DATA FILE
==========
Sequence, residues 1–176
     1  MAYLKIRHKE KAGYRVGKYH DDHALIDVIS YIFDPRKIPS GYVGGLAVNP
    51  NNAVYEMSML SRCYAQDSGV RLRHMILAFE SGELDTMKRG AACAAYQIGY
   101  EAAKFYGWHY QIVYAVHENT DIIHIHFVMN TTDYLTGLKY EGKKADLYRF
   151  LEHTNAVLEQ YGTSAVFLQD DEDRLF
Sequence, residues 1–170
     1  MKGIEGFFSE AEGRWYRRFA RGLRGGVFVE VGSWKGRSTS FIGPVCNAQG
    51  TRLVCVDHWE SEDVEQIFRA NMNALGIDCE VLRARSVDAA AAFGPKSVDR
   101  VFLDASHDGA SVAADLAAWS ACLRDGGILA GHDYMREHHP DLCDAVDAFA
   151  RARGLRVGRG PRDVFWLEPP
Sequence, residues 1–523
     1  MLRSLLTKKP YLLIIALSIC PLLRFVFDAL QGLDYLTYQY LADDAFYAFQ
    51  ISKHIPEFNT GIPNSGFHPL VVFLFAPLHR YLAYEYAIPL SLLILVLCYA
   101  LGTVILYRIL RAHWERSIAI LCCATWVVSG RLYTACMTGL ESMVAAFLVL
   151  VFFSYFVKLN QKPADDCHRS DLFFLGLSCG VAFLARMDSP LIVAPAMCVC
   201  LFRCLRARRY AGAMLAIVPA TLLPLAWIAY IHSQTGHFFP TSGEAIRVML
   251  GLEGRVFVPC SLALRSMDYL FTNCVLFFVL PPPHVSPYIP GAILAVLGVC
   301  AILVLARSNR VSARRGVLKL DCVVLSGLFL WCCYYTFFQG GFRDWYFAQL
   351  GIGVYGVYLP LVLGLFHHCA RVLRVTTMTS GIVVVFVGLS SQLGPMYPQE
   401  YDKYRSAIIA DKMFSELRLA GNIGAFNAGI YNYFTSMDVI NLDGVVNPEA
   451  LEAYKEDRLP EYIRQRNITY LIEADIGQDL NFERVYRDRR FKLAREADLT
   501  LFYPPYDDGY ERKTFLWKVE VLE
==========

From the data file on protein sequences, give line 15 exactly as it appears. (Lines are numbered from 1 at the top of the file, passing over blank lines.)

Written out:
   151  VFFSYFVKLN QKPADDCHRS DLFFLGLSCG VAFLARMDSP LIVAPAMCVC